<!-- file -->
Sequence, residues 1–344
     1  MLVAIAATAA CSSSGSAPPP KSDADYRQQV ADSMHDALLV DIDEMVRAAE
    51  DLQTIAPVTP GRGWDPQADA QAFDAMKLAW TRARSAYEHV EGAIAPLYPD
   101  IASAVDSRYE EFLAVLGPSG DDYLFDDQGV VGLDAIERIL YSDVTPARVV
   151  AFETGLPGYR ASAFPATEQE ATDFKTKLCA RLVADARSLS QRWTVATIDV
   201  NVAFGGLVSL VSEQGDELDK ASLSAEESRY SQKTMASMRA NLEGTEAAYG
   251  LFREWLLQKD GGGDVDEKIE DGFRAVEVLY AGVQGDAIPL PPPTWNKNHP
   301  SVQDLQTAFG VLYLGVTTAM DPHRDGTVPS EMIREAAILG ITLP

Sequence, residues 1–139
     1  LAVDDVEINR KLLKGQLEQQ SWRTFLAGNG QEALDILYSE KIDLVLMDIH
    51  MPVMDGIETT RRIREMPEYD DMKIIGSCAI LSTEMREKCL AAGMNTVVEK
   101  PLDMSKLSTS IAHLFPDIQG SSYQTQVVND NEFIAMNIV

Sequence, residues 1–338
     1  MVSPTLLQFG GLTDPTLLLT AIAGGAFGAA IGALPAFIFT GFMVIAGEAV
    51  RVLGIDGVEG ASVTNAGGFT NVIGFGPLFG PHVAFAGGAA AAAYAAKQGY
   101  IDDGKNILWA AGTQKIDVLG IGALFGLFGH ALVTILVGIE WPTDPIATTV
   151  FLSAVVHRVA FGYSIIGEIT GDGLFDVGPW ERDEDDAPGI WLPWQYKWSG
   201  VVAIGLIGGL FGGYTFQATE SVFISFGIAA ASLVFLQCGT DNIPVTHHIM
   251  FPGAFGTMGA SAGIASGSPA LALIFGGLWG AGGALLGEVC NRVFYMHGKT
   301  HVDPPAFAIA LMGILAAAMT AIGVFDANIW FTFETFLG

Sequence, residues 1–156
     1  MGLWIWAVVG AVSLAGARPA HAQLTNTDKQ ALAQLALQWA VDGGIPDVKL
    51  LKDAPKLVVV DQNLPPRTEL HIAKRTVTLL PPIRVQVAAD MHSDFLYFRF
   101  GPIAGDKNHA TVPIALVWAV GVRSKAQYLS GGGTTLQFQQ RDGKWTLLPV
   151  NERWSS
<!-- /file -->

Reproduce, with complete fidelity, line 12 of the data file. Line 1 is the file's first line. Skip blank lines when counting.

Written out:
   101  PLDMSKLSTS IAHLFPDIQG SSYQTQVVND NEFIAMNIV